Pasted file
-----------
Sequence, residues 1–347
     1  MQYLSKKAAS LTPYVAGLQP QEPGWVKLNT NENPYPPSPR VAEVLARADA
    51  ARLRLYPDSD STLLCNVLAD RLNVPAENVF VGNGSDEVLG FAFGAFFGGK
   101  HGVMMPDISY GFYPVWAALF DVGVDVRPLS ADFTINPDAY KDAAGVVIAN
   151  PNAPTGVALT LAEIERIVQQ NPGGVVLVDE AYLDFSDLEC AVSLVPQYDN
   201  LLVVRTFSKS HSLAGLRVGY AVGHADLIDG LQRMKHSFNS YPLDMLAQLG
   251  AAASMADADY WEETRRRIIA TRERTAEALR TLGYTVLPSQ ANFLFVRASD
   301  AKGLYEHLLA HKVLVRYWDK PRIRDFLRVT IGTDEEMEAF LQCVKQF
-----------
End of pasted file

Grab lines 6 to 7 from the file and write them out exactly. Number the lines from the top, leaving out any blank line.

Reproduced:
   201  LLVVRTFSKS HSLAGLRVGY AVGHADLIDG LQRMKHSFNS YPLDMLAQLG
   251  AAASMADADY WEETRRRIIA TRERTAEALR TLGYTVLPSQ ANFLFVRASD